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A Second Chance at Life

My husband's brain tumor was the last thing we expected.


Photo by Steve Greiner

Kevin's headaches started the day before our wedding. He woke up that morning feverish, his head throbbing. Thankfully, the pain subsided and he felt much better on our wedding day. We enjoyed a wonderful honeymoon in the Caribbean, but soon after we returned home the headaches came back.

At first, I joked that my new husband was allergic to me. But as the frequency and intensity of Kevin's headaches brought on fatigue and depression, I worried that getting married had somehow upset his equilibrium. Kevin is a born athlete—a tremendous runner, an avid tennis player and a fierce competitor on the basketball court. But when the pain consumed him and he said he didn't have energy for anything else, I feared he was making excuses. Maybe in reality he wasn't happy in our marriage.

Then December came and I wanted to get ready for our first Christmas. When I suggested we go out to find a tree, Kevin said he didn't want to bother getting one. What on earth would keep a young couple from hunting for their first Christmas tree? Although we did eventually get one, I wondered what my husband's headaches would do to our marriage.

And it wasn't just our marriage that was affected. One day Kevin came home and told me about an incident at work. While sitting at his computer, he was practically paralyzed by the intense pain in his head. When he checked with his doctor, he got a prescription for painkillers. Later, when the medication didn't diminish the intensity or frequency of the headaches, the doctor lectured Kevin about his posture while sitting at the computer.

Entering the Maze

A few months passed, and we celebrated our first Easter as a married couple. But before the day was over, we found ourselves in the emergency room. Kevin had awakened early that morning to go for his usual five-mile run. Later in the day, after church and then dinner with my family, Kevin said he wanted to go home. By the time we got there, he could hardly move. I called the doctor, with Kevin in the background ready to explode from the pain. "I'm going to rip the phone right out of the wall if he tells me it's from working at the computer," he shouted.

We rushed to the emergency room, where I had to hold back the panic that rose up every time I thought of what might happen to my husband. Finally, after hours of waiting for test results and X-rays to be studied, the doctor came in. He got right to the point. "The bad news is you have a brain tumor," he told Kevin. "The good news is that it's very treatable."

The doctor seemed optimistic, which gave us hope that my husband's headaches weren't life-threatening. Still, I couldn't fight off the numbness that washed over me as I tried to make out what our future would hold.

We would have to wait until morning to learn more from the neurosurgeon. I wanted to reassure Kevin, but I couldn't find the right words. When I heard the word tumor, I automatically thought cancer. I wondered if I would become a widow after just a few months of marriage. Kevin, who had watched a good friend succumb to brain cancer, struggled with the same fears. "I just hope there's something left when they start cutting away," he said in anguish.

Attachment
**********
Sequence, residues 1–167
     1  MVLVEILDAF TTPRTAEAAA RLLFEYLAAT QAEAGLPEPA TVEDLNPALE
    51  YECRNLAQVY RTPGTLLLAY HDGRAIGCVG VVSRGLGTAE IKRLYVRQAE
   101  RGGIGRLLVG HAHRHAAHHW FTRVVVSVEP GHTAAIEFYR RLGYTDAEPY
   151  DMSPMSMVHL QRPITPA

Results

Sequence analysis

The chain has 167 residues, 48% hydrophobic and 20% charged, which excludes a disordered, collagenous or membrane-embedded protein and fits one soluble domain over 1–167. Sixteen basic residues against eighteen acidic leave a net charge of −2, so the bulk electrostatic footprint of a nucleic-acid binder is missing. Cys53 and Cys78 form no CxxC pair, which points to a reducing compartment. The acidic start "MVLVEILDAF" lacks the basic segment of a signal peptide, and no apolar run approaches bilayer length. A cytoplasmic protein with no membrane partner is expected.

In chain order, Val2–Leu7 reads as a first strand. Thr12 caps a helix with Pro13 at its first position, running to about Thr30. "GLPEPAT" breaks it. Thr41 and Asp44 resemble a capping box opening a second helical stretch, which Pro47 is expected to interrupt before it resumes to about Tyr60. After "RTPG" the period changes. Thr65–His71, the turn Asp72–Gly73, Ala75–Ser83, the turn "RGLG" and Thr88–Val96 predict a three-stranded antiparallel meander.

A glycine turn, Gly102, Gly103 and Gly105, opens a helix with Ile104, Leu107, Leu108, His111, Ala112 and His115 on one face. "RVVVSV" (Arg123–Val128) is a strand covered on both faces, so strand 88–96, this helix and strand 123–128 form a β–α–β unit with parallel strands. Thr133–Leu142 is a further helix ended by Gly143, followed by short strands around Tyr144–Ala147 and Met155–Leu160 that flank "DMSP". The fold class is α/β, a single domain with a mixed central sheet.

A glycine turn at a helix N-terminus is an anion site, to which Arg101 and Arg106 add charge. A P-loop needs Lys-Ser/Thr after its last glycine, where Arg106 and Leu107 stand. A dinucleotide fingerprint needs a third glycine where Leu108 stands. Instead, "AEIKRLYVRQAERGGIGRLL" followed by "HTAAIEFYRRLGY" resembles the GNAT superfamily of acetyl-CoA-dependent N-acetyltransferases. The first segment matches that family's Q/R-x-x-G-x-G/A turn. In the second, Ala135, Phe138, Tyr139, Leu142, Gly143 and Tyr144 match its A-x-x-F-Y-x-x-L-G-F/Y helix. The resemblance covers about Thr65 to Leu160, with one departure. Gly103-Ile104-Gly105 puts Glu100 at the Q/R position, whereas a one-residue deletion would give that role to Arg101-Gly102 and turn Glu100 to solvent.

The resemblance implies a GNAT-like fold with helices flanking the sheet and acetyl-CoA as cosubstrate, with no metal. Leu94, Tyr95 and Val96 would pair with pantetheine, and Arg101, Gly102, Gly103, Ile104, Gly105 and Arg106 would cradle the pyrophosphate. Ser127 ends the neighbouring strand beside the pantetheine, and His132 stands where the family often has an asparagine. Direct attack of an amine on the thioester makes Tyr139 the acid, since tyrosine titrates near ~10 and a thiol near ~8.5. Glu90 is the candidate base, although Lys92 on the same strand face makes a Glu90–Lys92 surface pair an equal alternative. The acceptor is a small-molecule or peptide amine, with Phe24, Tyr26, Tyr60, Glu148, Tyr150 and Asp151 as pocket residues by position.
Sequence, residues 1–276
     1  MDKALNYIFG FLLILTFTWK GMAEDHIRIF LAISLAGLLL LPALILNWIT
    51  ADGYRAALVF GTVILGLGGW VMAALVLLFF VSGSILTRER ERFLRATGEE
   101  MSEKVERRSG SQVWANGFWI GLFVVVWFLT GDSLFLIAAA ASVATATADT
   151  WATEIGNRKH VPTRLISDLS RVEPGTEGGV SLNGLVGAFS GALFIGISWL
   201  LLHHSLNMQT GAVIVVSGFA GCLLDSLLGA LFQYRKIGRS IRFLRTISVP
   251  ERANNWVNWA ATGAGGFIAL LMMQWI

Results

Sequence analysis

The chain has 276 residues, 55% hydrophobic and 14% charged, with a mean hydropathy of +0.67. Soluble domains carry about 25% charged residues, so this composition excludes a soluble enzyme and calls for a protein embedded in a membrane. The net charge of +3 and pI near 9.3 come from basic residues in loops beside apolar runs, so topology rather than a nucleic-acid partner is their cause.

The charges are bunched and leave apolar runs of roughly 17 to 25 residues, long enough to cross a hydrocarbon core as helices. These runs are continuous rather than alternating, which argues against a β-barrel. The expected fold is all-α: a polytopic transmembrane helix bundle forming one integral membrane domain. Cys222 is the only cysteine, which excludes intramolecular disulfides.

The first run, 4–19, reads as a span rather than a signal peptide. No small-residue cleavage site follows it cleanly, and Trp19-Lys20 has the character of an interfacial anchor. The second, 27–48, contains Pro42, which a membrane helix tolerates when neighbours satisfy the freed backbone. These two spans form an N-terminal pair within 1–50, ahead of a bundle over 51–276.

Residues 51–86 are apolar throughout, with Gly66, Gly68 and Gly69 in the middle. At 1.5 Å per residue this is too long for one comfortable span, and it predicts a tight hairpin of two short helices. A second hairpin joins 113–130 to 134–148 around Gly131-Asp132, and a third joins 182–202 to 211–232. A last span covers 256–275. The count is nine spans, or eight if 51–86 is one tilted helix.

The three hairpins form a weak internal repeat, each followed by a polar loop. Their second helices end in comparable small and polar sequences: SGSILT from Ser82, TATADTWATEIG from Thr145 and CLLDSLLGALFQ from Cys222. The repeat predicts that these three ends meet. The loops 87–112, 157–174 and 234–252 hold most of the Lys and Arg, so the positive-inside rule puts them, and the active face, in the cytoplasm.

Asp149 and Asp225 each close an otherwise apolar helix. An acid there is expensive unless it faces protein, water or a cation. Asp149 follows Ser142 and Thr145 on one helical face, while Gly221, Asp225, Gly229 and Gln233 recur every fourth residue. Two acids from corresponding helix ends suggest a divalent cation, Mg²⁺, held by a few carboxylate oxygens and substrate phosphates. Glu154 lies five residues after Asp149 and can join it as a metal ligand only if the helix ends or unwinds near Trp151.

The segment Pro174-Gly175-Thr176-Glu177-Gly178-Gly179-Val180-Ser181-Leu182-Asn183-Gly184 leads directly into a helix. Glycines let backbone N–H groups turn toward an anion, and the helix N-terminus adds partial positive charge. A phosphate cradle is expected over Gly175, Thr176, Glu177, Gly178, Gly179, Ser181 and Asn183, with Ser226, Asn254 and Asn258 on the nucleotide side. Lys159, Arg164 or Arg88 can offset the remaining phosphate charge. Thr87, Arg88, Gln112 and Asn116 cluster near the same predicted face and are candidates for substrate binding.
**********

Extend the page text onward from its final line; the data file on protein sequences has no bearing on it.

I had never felt this helpless. There was nothing either of us could do to calm our fears or to change the outcome of the surgery. All we could do was pray. "Please, God, help Kevin to be okay. Please don't let it be cancer." I had trusted in a loving Father since childhood, and I had always believed in prayer. But I had never needed him to answer my prayers more than I needed it just then.

Life or Death

It was 2 a.m. when Kevin finally was taken to a room, and he had only a few hours to rest before the doctor would make his morning rounds. I sat by his bedside, still in shock, as he tossed and turned. While Kevin tried to sleep, I prayed through the night.

The neurosurgeon came by at 5 a.m. After a brief introduction, he described the location of the tumor. It was near the center of Kevin's brain and about the size of a golf ball. This type of growth was rarely malignant, he said, but posed other dangers because of its location. The surgeon would need to drill holes in Kevin's head and make an incision along his hairline and on the right side of his head to expose his brain and remove the tumor.

The doctor then explained the risks. Even though it probably wasn't cancer, the threat to Kevin's life was real. He had a colloid cyst in the third ventricle of his brain. He could be partially paralyzed as a result of the surgery. He could have trouble speaking or even lose the ability to speak. And his personality could change. My husband might be a different person when he came out of the surgery.

'The bad news is you have a brain tumor,' the doctor said. 'The good news is that it's very treatable.'

"Does the surgery need to be done right away?" I asked. "Do we have time to get a second opinion?"

The doctor assured me that this was a life-or-death situation. "The tumor is pressing up against your husband's brain," he said. "He could stop breathing at any time."

We tried not to think about the what-ifs, but there were so many questions: what if he didn't survive? What if he stopped breathing before they could get him into surgery? What if I didn't like the person he might become after brain surgery? What if he didn't like me—or himself?

Finally, Kevin voiced his two greatest fears: "I hope I'm the same person when I come out," and then, "My biggest fear is losing you."